Saturday, September 28, 2013
The bad news about 1913? It was the year that the 16th Amendment to the U.S. Constitution was ratified, authorizing the federal government to impose and collect income taxes.
The good news about 1913? On Oct. 11 of that year, ground was broken for construction of the Hood River County Public Library.
And on Friday, Oct. 11, of this year, our Library will be celebrating that centennial with a Great Gatsby party at 7 p.m. Revisit the first days of the library with the Ben Bonham Jazz Trio and costumes from the 1920s.
Enjoy finger food, desserts, a no-host bar, kids’ activities and more. There will be prizes for the best costume — though you’re also free to come wearing the casual clothes you enjoy today.
DRESS UP AND GO
What: Library Centennial
When: Oct. 11, 7 p.m., downtown library
What to wear: Go “Gatsby style.”
The all-ages event includes music, food and a no-host bar.
How did the groundbreaking that’s being celebrated come about, you ask? Well, here’s a brief version of the history we’ll be commemorating:
The Hood River Library Association was formed as early as 1895, and the Hood River Woman’s Club launched the movement for library construction in 1908, petitioning the city for money to buy books for a temporary library in the meantime. The petition was granted and the first library opened its doors in the E.L. Smith Building which still stands on the corner of Sixth and State streets west of the library.
A pivotal event was enactment of state enabling legislation of 1911, which authorized county governments in Oregon to establish levies in support of country library services. In 1912, library supporters in Hood River succeeded in getting an City ordinance passed authorizing vacation of Fifth Street between Oak and State for a building site. The vacated parcel was to augment lots offered for sale by pioneer businessman Ezra L. Smith from his large residential holding.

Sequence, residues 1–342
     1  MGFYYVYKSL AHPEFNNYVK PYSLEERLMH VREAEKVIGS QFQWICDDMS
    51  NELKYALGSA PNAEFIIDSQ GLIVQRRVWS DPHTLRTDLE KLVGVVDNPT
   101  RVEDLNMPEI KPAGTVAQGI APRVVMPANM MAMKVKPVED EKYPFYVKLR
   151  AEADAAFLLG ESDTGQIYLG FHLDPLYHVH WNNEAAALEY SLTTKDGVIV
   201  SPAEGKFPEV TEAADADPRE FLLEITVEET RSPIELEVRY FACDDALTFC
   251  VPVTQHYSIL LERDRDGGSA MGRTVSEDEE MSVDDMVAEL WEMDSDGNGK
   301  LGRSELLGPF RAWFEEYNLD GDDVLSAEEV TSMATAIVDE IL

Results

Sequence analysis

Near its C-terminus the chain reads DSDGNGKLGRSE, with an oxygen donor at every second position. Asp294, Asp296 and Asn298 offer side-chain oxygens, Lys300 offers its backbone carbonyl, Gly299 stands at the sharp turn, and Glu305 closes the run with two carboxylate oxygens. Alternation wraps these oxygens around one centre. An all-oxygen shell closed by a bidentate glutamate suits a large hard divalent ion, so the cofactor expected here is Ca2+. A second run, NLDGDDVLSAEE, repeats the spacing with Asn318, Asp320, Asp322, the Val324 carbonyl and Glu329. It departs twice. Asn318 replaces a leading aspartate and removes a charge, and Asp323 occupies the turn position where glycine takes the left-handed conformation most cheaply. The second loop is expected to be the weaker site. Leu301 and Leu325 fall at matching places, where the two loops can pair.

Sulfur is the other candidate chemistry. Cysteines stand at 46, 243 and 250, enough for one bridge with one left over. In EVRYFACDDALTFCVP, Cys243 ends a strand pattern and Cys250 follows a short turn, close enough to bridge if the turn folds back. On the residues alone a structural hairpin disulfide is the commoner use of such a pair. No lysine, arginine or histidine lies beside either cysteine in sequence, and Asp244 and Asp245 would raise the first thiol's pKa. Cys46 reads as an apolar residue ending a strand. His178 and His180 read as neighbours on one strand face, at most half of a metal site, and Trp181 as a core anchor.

The dream of a new library building was realized with the help of a Carnegie Foundation grant and it opened in 1914 with a collection of 3,000 books. In 1935 Ezra Smith’s daughters donated the park area north and west of the library to the County in memory of their mother. Georgiana Smith Park, shaded by oaks, conifers, maples, birches and a stately copper beech tree, was then and remains the only green open space of scope in downtown Hood River.
So come and enjoy the party — and think grateful thoughts about its sponsors: Carol’s Country Pies, Columbia Gorge Hotel, Dog River Coffee, Friends of the Library, Hood River Hotel, Husum Highland Bed and Breakfast, Lucy’s Informal Flowers, Rosauers, Taste of the Gorge, Volcanic Bottle Shoppe and Waucoma Bookstore.
For more information contact the Hood River Library District at 541-386-2535 or firstname.lastname@example.org, or visit hoodriverlibrary.org.
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Lawnmower torches Arbor Vitae on Portland Drive
The riding lawn mower driven by Norma Cannon overheated and made contact with dry arbor vitae owned by Lee and Norma Curtis, sending more than a dozen of the tightly-packed trees up in flames. The mower, visible at far right, was totaled. No one was injured; neighbors first kept the fire at bay with garden hoses and Westside and Hood River Fire Departments responded and doused the fire before it reached any structures. Westside Fire chief Jim Trammell, in blue shirt, directs firefighters. The video was taken by Capt. Dave Smith of Hood River Fire Department. Enlarge